Fixing Disparities Starts at the Top
Without a conscious commitment by current leaders to change what senior leadership looks like, the advancement of women into leadership will continue at a snail’s pace, according to a report by McKinsey & Company. “When chairs, deans, society leaders, and other leaders decide that increasing women in their ranks is a top priority and commit to recruiting women leaders deliberately, then we will see more progress toward gender diversity and gender equity,” said Kelly Michele Malloy, MD, associate professor of otolaryngology-head and neck surgery and associate chief clinical officer for surgical services at the University of Michigan in Ann Arbor.
Explore This IssueJanuary 2020
When chairs, deans, society leaders, and other leaders decide that increasing women in their ranks is a top priority and commit to recruiting women leaders deliberately, then we will see more progress toward gender diversity and gender equity. —Kelly Michele Malloy, MD
In particular, Dr. Malloy recommends asking women to apply for leadership positions and aiming for at least half of candidates to be female. “Promote women and hire women, and not just for early career or entry-level positions,” she said.
To get things started, diversity and inclusion committees can provide data to their institutions regarding salary, promotion, and leadership roles for male and female physicians. Departments should make research, clinical support, salary, and resource allocation transparent to all members, and institutions should offer training and mentorship specifically for women in research, publishing, and leadership, Dr. O’Brien said.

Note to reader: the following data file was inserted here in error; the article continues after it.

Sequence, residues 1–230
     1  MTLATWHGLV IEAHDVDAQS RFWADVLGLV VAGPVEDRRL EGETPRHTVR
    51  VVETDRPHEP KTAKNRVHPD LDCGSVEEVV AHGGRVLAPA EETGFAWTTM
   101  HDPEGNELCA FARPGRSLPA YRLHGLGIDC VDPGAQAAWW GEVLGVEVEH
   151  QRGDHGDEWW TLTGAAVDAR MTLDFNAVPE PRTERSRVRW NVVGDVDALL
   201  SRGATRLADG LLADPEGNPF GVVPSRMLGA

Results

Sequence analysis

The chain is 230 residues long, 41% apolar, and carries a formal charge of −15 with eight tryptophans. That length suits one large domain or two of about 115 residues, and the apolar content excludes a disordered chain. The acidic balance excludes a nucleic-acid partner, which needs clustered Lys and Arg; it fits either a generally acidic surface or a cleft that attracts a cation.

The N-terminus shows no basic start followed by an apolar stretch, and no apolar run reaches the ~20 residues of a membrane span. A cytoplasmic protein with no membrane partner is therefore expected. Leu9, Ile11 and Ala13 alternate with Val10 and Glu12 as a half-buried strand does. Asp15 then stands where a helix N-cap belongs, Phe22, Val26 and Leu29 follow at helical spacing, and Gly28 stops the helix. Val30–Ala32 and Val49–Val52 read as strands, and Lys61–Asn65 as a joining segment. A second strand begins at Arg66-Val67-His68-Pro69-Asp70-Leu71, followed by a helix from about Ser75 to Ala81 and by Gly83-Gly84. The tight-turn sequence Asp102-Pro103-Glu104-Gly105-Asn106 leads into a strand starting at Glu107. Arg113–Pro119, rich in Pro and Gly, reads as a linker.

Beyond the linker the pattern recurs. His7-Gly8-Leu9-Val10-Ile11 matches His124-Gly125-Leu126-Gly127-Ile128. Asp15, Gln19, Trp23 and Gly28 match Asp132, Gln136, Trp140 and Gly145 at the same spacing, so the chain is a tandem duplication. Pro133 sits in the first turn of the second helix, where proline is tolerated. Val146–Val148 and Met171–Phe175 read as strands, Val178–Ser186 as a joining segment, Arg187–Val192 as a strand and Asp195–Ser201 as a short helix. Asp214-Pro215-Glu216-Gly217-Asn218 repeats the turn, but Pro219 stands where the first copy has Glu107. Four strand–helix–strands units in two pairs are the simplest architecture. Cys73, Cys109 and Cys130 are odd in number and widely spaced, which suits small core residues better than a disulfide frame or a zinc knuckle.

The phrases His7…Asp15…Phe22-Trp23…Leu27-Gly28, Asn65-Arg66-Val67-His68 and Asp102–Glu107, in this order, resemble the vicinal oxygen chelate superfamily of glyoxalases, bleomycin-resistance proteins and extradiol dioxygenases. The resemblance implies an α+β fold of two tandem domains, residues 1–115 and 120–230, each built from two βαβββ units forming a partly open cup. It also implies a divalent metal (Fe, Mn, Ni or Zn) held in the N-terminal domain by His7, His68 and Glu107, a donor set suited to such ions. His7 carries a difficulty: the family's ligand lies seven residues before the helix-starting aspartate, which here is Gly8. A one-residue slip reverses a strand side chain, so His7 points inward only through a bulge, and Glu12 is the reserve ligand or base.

Employers should dedicate resources to making their support of women and other underrepresented groups clear. “This can include specific diversity and inclusion language in strategic departmental and institutional initiatives that have measurable goals, such as [offering] financial support for underrepresented or minority students to do away rotations, ensuring that all faculty complete unconscious bias training, or being intentional about invited grand rounds speakers to ensure they represent diverse backgrounds and experiences,” Dr. Villwock said. “It can also manifest in resources such as lactation rooms, an adequate number of restrooms, pipeline development programs for potential leaders, and maternity/paternity leave policies that minimize potential financial or professional penalties.”
Dr. Kerschner said that equality begins with equal pay. “If you can’t demonstrate that you have pay equity across gender, race, and ethnicity, then anything else you do regarding equity will seem hollow,” he said. “There have been a number of reasons why organizations have not achieved transparent pay equity in the past. However, analytics and best practices now exist that allow this to happen. It does require effort and costs something for an organization to ensure this is happening. The Medical College of Wisconsin has ensured pay equity related to gender and under-represented status for many years; it is doable.”
To achieve pay equity, a detailed internal compliance team evaluates pay metrics annually and prepares a report for senior leadership to identify any areas of discrepancy based on analysis, Dr. Kerschner said.